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Abstract Detail


Phytochemical Section

Tuominen, Lindsey K. [1], Payyavula, Raja S. [2], Harding, Scott A. [1], Tsai, Chung-Jui [3].

Perturbation of Populus Phenylpropanoid Metabolism in Suspension Cell Cultures.

Populus secondary metabolism is characterized by a diversity of phenylpropanoid compounds that can collectively account for up to 30% of leaf dry mass. The various classes of these compounds are thought to derive from separate, potentially competing biosynthetic branch pathways. To develop a better understanding of phenylpropanoid partitioning and the impact of this pathway on primary metabolic processes, we subjected heterotrophic suspension cell cultures of P. tremuloides to a series of feeding experiments. Methyl jasmonate (MeJA) was used as a defense elicitor to stimulate phenylpropanoid metabolism with varying constraints in the core pathway imposed by one of three metabolic inhibitors: piperonylic acid (PIP) for cinnamate-4-hydroxylase, α-aminooxy-β-phenylpropionic acid (AOPP) for phenylalanine ammonia lyase, and methylenedioxycinnamic acid (MDCA) for 4-coumaroyl:CoA ligase. Cells were sampled 48 h after treatment and analyzed by metabolite profiling using GC-MS and LC-MS, as well as by colorimetric quantification of condensed tannins. Core phenylpropanoid metabolites showed changes broadly consistent with expected enzyme inhibition, with increases in phenylalanine in AOPP-treated cells and cinnamicacid in PIP-treated cells. Interestingly, MDCA-treated cells did not show increases in coumaric acid as expected, but cinnamic acid levels were strongly increased, suggestinga possible feedback mechanism in the pathway. Flavonoid derivatives, including condensed tannins, generally showed additive rather than interactive effects between elicitation and inhibition. Several amino acids also showed strong increases under AOPP treatment, while PIP and MDCA treatments had only subtle impacts. Citric acid cycle metabolites did not appear to be strongly affected by the inhibitors but did respond to elicitation. Overall, the results provide metabolic evidence for possible linkage between phenylpropanoid and amino acid metabolism, supporting previous suggestions of cross-talk between carbon and nitrogen metabolism via phenylalanine-N cycling.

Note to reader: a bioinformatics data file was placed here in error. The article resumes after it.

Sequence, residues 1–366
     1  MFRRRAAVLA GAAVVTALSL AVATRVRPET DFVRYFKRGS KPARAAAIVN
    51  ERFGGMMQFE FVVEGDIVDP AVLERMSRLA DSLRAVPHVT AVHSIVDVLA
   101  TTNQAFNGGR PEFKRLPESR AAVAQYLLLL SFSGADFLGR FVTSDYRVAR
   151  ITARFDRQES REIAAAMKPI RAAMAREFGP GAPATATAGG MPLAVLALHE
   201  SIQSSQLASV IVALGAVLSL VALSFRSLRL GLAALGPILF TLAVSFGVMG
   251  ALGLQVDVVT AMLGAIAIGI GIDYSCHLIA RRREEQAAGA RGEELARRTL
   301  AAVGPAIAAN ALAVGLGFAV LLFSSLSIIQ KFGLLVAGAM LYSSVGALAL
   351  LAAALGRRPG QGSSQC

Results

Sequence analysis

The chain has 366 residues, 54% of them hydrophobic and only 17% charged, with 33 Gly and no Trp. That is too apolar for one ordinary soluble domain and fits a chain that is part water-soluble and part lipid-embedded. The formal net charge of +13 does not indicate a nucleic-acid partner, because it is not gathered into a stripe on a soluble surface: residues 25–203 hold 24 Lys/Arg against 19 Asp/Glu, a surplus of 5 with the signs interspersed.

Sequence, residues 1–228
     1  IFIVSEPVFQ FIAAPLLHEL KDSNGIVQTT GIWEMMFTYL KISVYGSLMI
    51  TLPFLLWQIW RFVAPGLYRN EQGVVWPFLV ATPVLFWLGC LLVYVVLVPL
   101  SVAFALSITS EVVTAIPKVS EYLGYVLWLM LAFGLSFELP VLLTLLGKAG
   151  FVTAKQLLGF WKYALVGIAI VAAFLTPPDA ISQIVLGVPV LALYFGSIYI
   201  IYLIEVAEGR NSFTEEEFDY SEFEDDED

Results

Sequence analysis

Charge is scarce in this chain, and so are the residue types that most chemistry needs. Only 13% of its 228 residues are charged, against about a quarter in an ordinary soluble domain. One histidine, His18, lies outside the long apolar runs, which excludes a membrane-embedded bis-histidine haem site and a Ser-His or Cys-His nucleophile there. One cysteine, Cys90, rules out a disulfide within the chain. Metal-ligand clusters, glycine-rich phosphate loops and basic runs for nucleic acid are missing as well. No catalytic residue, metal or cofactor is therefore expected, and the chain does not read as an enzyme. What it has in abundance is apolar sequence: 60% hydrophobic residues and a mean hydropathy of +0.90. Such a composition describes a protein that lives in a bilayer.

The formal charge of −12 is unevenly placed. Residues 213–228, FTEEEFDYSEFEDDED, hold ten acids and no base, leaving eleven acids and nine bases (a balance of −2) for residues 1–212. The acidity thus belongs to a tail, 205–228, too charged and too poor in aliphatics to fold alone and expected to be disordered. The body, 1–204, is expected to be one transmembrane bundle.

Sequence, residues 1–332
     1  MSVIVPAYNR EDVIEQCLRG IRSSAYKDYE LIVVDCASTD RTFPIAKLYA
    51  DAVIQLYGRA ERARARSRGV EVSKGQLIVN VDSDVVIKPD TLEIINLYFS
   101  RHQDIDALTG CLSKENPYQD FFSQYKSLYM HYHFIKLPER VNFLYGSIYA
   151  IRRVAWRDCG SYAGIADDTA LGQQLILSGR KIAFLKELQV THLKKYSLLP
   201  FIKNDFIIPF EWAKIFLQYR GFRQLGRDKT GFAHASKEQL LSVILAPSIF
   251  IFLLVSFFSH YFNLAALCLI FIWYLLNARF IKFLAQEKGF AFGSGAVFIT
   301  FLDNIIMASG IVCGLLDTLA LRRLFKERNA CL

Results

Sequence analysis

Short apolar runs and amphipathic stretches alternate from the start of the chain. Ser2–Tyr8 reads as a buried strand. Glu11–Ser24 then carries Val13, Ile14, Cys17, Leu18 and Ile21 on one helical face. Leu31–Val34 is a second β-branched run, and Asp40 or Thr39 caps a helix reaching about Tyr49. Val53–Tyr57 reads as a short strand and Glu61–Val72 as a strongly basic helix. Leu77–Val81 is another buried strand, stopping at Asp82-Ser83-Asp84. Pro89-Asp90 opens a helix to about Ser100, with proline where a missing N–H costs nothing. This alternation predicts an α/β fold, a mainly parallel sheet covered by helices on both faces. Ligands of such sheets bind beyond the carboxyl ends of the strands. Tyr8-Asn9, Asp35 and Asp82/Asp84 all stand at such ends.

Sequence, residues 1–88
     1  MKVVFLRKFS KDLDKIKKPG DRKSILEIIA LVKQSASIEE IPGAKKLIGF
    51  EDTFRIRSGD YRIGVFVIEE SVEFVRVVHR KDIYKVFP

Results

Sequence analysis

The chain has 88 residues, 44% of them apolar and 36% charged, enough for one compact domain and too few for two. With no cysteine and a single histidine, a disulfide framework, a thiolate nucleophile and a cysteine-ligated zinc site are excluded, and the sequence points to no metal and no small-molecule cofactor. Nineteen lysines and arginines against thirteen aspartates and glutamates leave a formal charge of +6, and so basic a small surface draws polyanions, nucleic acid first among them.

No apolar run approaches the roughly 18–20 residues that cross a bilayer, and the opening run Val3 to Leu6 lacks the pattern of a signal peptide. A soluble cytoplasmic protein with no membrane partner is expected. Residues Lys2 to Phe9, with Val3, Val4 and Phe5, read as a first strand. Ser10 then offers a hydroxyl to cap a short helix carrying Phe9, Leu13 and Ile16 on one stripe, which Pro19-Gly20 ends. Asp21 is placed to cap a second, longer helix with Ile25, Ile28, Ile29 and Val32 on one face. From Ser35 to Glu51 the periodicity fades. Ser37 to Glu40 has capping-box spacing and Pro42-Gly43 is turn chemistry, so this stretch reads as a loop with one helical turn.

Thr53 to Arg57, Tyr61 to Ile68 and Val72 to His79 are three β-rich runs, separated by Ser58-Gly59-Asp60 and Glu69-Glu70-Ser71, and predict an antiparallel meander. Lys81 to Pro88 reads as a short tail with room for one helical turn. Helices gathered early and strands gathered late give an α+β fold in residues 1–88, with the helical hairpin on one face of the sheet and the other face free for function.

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1 - The University of Georgia, Warnell School of Forestry & Natural Resources, 180 E Green St, Athens, GA, 30602, USA
2 - Michigan Technological University, School of Forest Resources & Environmental Science, 1400 Townsend Drive, Houghton, MI, 49931, USA
3 - The University of Georgia, Department of Genetics/Warnell School of Forestry & Natural Resources, 180 E Green St, Athens, GA, 30602, USA

Keywords:
phenylpropanoids
metabolic profiling
Populus.

Presentation Type: Oral Paper:Papers for Sections
Session: 50
Location: Lindell B/Chase Park Plaza
Date: Wednesday, July 13th, 2011
Time: 1:30 PM
Number: 50001
Abstract ID:33


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